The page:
Wax on, wax off.
After Archer Dreamland “Sleepers Wake,” which slept walked most of the episode, “Waxing Gibbous” wakes up. Archer Dreamland remains one of the best of Archer‘s 8 seasons. And “Waxing Gibbous” is definitely among the most memorable.
In true Dreamland fashion, “Waxing Gibbous” resumes where “Sleepers Wake” left off. This continued narrative structure truly reinforces the noir vibe which Archer Dreamland channels. As the episode opens, Archer (H. Jon Benjamin) is interrogated by Mother (Jessica Walter) about the missing ransom. Meanwhile, Detective Figgis (Chris Parnell) and Pam Poovey (Amber Nash) head to Len Trexler’s (Jeffrey Tambor) mansion with the money. Dr. Krieger (Lucky Yates) doesn’t get nearly as much screentime, but thankfully the charming yet batshit crazy Charlotte Vandertunt (Judy Greer) remains a prominent character. Though Vandertunt has been relegated to a side character, her lines are magnificent. Excellent writing Archer writer’s room.
While “Waxing Gibbous” feels a bit like “Sleepers Wake” in its formula, which is largely shifting plot lines so as to converge, there’s more cohesion. Whereas “Sleepers Wake” emanated a sense of stalling, “Waxing Gibbous” reveals a lot. Lana (Aisha Tyler) emerges as an IRS agent, and there’s pretty funny banter between her and Cecil Tunt (Eugene Mirman). Trinette (Maggie Wheeler), the prostitute from “Sleepers Wake” gets a larger presence as well. She contributes loads of humor, like when she suggests fixing Lana’s car with various food-based remedies.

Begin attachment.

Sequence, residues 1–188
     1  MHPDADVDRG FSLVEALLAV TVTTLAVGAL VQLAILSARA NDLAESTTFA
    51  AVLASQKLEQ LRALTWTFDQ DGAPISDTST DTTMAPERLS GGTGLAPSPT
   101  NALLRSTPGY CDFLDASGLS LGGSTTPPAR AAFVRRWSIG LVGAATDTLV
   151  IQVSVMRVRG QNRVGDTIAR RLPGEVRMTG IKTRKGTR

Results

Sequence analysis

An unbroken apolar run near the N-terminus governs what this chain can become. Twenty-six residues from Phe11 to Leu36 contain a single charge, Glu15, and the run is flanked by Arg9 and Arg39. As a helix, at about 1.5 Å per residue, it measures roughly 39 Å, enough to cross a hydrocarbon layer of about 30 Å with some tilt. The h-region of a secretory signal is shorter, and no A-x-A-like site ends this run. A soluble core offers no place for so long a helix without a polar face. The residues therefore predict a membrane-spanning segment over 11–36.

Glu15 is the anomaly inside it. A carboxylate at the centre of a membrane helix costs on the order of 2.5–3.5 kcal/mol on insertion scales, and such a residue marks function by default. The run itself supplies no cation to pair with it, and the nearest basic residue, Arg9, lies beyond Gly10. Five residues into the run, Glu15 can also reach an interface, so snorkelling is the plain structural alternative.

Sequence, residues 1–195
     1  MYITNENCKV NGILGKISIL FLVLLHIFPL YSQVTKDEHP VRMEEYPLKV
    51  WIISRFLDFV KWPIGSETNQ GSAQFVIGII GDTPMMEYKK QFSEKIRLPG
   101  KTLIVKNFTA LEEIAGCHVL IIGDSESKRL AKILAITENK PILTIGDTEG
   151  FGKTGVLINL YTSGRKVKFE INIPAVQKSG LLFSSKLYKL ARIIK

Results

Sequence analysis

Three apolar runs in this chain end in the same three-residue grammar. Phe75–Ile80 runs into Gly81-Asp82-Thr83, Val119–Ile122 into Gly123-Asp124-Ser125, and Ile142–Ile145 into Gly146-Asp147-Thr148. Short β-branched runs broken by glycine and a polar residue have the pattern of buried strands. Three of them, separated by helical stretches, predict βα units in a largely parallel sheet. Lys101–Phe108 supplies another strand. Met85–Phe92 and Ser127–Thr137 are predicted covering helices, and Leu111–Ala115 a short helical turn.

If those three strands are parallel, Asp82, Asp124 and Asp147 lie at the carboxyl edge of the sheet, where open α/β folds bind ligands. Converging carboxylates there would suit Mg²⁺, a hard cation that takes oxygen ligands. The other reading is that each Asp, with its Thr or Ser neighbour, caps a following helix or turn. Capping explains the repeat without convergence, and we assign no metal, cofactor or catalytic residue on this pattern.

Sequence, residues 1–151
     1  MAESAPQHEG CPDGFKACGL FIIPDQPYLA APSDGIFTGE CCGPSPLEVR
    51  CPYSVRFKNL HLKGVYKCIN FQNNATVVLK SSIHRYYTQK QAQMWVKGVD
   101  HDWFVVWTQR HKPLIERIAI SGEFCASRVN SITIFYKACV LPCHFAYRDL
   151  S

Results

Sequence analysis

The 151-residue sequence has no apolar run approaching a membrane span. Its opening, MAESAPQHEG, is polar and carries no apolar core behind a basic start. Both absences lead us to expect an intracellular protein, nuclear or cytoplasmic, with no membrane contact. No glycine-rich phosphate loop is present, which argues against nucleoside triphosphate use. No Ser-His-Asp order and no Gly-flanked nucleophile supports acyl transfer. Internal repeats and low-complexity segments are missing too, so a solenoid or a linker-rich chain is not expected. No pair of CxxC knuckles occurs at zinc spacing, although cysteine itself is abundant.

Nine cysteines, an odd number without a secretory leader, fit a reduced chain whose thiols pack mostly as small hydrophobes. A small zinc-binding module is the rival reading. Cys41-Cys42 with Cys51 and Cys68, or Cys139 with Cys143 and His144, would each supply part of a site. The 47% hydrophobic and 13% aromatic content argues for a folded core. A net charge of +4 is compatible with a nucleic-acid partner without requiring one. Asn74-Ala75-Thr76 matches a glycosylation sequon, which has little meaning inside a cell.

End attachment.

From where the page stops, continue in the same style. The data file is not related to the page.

The writing is on point. Mother barks “Don’t humanize yourself,” to Charlotte, and murmurs “I’m sorry, all I’m getting is ‘gerk'” while Archer is being choked. This truly shows her ruthlessness. Later, Charlotte corrects that it’s not Frankenstein, it’s Frankenstein’s monster. Frankenstein was, in fact, the doctor. Then, she drops a reference to Gargantua and Pantagruel. What can I say, I’m a sucker for a good cultural reference. Poovey’s fantasies get kind of adorable with daydreams of fathering children with all of the Chinese prostitutes and watching the kids graduate from Harvard.
Despite the lack of Krieger, “Waxing Gibbous” is incredibly ghastly. It’s a blood-soaked romp. The finale features a replica of the Last Supper painting with Trexler front and center, surrounded by his mutilated cronies. As Archer astutely points out, if a ghost did this, it wasn’t Casper. But it’s not a ghost. Rather, it’s the now bionic Dutch Dylan (Dave Willis). I can’t recall a non-horror animated feature with this much carnage. The stark contrast between humorous elements in Archer Dreamland and the pools of blood and grotesque bodies is remarkable and memorable. I’m still unsure where the Dylan narrative is heading, but Archer Dreamland tied together several story arcs.
A more cohesive episode with less filler, it’s an improvement over “Sleepers Wake” that shines with its inventiveness while persisting in uniting various plot threads.